Theodore "Teddy" Roosevelt (October 27, 1858 – January 6, 1919) was an American statesman, author, explorer, soldier, naturalist, and reformer who served as the 26th President of the United States from 1901 to 1909. As a leader of the Republican Party during this time, he became a driving force for the Progressive Era in the United States in the early 20th century.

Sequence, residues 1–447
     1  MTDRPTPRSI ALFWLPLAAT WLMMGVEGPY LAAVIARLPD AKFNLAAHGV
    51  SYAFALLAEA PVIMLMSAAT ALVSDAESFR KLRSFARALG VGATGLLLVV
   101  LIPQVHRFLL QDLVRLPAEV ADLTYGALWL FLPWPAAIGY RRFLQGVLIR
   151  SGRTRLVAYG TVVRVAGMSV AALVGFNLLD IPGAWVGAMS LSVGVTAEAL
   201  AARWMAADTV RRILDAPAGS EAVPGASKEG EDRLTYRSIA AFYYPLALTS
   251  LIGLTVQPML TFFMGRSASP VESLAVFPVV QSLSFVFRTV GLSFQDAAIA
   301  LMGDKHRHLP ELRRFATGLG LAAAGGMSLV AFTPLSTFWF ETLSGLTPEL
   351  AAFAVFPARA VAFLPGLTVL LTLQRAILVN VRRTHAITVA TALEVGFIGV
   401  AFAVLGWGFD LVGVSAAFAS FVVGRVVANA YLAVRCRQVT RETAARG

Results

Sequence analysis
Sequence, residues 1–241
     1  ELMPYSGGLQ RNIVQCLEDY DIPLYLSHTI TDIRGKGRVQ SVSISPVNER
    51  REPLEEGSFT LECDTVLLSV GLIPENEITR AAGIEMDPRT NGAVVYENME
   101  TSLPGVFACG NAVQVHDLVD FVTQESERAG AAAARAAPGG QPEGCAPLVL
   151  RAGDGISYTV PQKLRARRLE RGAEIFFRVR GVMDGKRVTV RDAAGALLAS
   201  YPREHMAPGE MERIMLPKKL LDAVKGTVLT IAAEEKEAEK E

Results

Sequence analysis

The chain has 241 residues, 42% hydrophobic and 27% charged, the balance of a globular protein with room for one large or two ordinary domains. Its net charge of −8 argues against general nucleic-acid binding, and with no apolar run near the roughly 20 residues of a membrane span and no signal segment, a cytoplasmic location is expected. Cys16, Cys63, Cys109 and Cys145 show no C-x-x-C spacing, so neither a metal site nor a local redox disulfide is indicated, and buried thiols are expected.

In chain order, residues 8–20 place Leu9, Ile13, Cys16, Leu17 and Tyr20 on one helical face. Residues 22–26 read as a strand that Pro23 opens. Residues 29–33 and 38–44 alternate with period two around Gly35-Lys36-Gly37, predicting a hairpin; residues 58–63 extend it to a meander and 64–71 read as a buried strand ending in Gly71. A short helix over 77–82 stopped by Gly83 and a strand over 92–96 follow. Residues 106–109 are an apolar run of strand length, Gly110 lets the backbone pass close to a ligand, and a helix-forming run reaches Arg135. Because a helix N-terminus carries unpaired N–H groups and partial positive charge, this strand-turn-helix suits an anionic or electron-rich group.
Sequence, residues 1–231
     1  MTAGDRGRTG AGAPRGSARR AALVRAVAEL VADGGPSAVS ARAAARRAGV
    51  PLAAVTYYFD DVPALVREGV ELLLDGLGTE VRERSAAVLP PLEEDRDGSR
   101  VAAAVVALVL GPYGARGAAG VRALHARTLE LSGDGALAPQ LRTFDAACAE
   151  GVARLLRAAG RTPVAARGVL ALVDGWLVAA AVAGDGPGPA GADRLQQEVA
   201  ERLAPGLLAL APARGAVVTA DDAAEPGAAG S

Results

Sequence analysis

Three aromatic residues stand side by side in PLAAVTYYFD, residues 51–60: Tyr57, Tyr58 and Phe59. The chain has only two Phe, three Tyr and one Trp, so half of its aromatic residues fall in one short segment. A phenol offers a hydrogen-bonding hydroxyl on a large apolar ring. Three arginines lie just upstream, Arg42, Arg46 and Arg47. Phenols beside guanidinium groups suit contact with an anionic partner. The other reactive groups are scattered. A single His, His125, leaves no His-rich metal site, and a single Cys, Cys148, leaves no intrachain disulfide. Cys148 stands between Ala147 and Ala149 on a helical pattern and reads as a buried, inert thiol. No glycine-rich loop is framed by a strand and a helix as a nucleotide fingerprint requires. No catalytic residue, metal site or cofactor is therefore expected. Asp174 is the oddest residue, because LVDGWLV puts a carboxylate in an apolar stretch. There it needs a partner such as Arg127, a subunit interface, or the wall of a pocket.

Born a sickly child with debilitating asthma, Roosevelt successfully overcame his health problems by embracing a strenuous lifestyle. He integrated his exuberant personality, vast range of interests, and world-famous achievements into a "cowboy" persona defined by robust masculinity. Home-schooled, he became a lifelong naturalist before attending Harvard College. His first of many books, The Naval War of 1812 (1882), established his reputation as both a learned historian and as a popular writer. Upon entering politics, he became the leader of the reform faction of Republicans in New York's state legislature. Following the deaths of his wife and mother, he took time to grieve by escaping to the wilderness of the American West and operating a cattle ranch in the Dakotas for a time, before returning East to run unsuccessfully for Mayor of New York City in 1886. He served as Assistant Secretary of the Navy under William McKinley, resigning after one year to serve with the Rough Riders, where he gained national fame for courage during the Spanish–American War. Returning a war hero, he was elected governor of New York in 1898. The state party leadership distrusted him, so they took the lead in moving him to the prestigious, but considered by them powerless, position of running for vice president as McKinley's running mate in the election of 1900. Roosevelt campaigned vigorously across the country, helping McKinley win re-election by a landslide on a platform of peace, prosperity, and conservatism.